FILEEXCLUDE /~sret1/*/img/*would analyse all files except images in my various directories. (Note that wildcards with two *'s in can be slow to process).
Remember you can always run analog -v to see what the options you have specified represent.
Included files can always be excluded later, but excluded files can't always be included easily. (For example, after FILEEXCLUDE /dir/* and FILEEXCLUDE *.gif,*.jpg, FILEINCLUDE *.gif would include all gifs, even those in /dir/, which is not what is wanted). For this reason, there is an extra command FILEALLOW which cancels an exclude. It must be exactly the same as a previous FILEEXCLUDE; in the above example FILEALLOW *.gif would work, but not FILEALLOW *if.
Note that although you can exclude all gifs with FILEEXCLUDE *.gif, this may not be what you want to do. This will then exclude them from all the reports, and not count the bytes transferred due to them. More likely, you just want to exclude them from the request report while still including them in the other reports, which you can do by means of REQEXCLUDE *.gif (or REQINCLUDE pages) which will be explained in a minute.
There are similar commands HOSTINCLUDE, HOSTEXCLUDE and HOSTALLOW to analyse only the requests from certain sites. For example,
HOSTEXCLUDE emu.pmms.cam.ac.uk HOSTEXCLUDE *.statslab.cam.ac.ukwould ignore accesses from emu and from the whole of the statslab.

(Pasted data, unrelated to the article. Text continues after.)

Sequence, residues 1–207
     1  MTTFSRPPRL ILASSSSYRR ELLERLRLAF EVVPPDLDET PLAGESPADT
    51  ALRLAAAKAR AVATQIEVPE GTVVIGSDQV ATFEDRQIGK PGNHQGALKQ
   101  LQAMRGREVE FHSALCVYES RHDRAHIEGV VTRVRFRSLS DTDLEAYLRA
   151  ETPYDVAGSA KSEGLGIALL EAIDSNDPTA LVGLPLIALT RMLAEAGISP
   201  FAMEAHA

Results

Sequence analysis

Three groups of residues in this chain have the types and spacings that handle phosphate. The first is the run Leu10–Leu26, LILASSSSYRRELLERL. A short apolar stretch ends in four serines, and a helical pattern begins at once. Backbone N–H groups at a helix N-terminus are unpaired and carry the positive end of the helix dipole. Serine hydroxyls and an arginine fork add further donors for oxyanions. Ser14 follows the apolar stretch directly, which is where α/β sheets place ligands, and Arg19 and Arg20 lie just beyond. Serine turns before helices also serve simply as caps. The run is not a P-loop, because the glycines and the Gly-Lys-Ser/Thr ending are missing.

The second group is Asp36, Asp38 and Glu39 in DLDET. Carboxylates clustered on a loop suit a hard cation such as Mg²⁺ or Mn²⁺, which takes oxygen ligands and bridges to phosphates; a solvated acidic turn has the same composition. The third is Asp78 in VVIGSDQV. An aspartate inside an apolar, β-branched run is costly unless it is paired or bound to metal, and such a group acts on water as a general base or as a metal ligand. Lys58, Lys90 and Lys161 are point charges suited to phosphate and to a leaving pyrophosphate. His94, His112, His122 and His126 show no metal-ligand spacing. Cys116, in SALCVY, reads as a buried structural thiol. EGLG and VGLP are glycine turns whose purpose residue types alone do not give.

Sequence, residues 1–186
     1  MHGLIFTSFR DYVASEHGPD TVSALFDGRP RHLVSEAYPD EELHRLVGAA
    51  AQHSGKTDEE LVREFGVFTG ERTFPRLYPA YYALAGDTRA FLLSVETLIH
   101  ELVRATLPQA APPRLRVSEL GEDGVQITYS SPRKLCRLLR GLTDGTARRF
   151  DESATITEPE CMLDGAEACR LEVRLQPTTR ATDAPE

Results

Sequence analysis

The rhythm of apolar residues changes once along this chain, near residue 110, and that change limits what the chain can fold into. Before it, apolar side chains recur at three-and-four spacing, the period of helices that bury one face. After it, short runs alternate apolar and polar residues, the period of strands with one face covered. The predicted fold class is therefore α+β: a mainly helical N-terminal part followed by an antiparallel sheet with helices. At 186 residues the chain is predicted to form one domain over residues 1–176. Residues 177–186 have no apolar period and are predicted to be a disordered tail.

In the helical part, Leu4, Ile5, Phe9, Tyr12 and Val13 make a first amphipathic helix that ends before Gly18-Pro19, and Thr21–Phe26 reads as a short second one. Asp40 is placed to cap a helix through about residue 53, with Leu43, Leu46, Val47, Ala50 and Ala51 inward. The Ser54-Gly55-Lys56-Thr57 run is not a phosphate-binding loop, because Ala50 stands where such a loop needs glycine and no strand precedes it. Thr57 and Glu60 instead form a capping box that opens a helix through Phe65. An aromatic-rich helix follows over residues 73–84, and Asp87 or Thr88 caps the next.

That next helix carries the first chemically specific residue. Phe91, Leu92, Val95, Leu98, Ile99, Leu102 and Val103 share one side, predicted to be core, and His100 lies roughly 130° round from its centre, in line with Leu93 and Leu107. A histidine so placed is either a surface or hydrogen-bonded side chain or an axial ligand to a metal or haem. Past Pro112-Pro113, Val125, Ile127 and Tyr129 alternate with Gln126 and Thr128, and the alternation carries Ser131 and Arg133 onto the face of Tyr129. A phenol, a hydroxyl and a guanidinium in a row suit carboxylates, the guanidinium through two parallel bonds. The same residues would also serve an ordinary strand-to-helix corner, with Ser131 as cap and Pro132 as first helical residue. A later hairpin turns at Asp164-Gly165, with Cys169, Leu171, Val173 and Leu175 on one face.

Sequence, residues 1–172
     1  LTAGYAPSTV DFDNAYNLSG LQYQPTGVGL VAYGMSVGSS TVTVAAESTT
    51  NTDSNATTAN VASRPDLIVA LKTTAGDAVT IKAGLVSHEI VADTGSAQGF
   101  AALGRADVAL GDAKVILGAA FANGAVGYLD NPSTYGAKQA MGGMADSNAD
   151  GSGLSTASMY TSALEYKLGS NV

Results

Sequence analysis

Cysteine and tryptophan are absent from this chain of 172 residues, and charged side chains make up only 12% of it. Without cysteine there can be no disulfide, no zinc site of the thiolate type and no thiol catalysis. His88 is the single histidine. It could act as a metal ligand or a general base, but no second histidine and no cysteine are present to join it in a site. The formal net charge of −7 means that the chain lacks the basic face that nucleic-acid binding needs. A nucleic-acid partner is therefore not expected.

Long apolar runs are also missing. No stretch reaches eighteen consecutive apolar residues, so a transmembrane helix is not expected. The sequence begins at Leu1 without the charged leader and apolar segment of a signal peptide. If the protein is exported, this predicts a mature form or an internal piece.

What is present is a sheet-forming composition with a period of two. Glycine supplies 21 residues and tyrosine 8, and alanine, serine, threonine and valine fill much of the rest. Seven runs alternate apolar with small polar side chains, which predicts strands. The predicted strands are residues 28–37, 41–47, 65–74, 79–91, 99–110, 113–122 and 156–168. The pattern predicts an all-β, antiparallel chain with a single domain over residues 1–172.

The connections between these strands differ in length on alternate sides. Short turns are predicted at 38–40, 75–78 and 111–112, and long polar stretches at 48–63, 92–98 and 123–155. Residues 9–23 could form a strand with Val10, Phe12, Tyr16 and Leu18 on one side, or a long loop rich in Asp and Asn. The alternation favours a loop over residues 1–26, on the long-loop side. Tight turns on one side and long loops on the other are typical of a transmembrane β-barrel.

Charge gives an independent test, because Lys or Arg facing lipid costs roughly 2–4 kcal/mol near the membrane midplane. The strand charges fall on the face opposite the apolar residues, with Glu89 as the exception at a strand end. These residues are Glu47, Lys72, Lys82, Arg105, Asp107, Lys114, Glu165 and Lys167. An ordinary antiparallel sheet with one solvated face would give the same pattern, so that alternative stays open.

There are also commands REFINCLUDE, REFEXCLUDE and REFALLOW for referrers. You probably want to ignore referrers from your own site. For example, I use
REFEXCLUDE http://www.statslab.cam.ac.uk/*This would be a suitable command to put in your default configuration file.
There are some other include commands that are specified the same way, but behave slightly differently because they do not actually exclude something from the analysis. So to specify what is included in the request report, there are commands REQINCLUDE, REQINCLUDE and REQALLOW. You can use the special name `pages' to mean all pages. So for example,
REQINCLUDE pages REQINCLUDE *.pswill only include pages and Postscript files in the request report, although other files will still be counted for the other reports. There are also commands LINKINCLUDE, LINKEXCLUDE and LINKALLOW, and REFLINKINCLUDE, REFLINKEXCLUDE and REFLINKALLOW to say what should be linked to in the request report and referrer report.
Finally, there are commands to analyse only a subset of the dates in the logfile. The simplest usage is FROM yymmdd and TO yymmdd. So, for example, to analyse only requests in July 1995 I would use the configuration
FROM 950701 TO 950731Also each of the pairs of digits can be preceded by - and the month and date can by preceded by + to represent time relative to the current date. This allows constructions like
FROM -01-00+01 # from tomorrow last year TO -00-0131 # to the end of last month (OK even if last month # didn't have 31 days) FROM -00-00-112 TO -00-00-01 #statistics for the last 16 weeksThere are commandline abbreviations +F and +T for these commands; for example +T-00-00-01 looks at statistics until the end of yesterday. -F and -T turn off the from and to, as do FROM OFF and TO OFF.
If a TO command is given, the figures for the last 7 days refer to the time until then.